Suzy was a battle cat, and over the years collected a selection of nicks in her ears as wells as some deeper and more serious wounds as she defended her turf. To be realistic, I don’t think she was particularly good at it. When she was really hurt, she always came back to us. One time, she took some terrible damage. The length of her left flank had been razored clean open to red meat and ribs and my dad made a poultice for her. He was the sort of man who knew about mysterious folk stuff like that. He made a bed for her with a folded blanket in front of the fire and laid her down on it.

She lay in front of it without moving for two weeks.

We all fed her bits and pieces when she was in the mood to eat and tried not to step on her, which is actually very difficult in a house crowded with a stack of children that has only one heated room on a winter’s evening. Cats can really sprawl, believe you me, especially when they think they’re at death’s door. There was no way we could afford a vet – you’re on your own with this one Suzy.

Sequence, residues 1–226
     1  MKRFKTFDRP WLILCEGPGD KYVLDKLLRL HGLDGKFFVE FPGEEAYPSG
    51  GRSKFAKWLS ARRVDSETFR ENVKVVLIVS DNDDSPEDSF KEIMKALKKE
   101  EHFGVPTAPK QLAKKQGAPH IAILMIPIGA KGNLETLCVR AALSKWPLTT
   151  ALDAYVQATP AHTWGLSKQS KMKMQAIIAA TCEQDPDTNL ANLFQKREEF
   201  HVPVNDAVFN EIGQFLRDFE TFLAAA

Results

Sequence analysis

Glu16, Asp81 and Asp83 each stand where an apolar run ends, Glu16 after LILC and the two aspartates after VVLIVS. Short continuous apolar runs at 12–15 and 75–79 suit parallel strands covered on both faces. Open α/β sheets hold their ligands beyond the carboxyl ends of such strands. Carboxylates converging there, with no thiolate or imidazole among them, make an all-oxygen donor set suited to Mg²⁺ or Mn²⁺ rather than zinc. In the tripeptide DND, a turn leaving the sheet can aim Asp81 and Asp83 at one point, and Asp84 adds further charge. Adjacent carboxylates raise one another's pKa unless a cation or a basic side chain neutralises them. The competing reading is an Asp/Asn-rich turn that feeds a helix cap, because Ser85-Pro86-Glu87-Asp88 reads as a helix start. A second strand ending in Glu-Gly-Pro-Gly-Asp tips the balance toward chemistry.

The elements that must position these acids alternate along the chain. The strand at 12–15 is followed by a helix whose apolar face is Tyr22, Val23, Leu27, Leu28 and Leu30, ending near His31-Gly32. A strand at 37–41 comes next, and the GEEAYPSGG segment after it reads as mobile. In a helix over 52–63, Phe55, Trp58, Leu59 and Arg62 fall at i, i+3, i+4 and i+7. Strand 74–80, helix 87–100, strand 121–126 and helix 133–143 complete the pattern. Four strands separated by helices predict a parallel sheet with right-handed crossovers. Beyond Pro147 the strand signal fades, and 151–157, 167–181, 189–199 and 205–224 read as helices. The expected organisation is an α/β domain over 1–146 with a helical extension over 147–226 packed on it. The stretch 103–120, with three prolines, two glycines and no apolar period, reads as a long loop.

Suzy roasted away nicely in the healing radiant heat of the fire and I had to work around her, since it was my job to clean out the grate every morning and set the new day’s fire for the evening. Working around the prone drama queen was absolute murder. The lazy bitch wouldn’t stir a paw. She eventually regained her strength for the return bout. I think Suzy was just laying there all the time plotting her revenge. Only us lot could be cursed with a Sicilian cat.

There was another cat out there somewhere who’d come to regret messing around with our Suzy.

Every evening, as the sun went down, she’d paw at the back door to be let out. She’d reappear, if we were going to see her that day, after breakfast and just in time for the fresh scraps. She’d down them, conceptually hitch up her trousers and with a shrug and two thumbs in her belt, swagger off like a gunfighter suitably fortified for the rest of the day.

After many years, she went out one evening and we never saw her again. Her exit from our lives was as enigmatic as her entrance, and perhaps slinking off into the sunset is the only way to go for a true ginger tomcat of the night.


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7 Responses to “The Perils of Suzy.”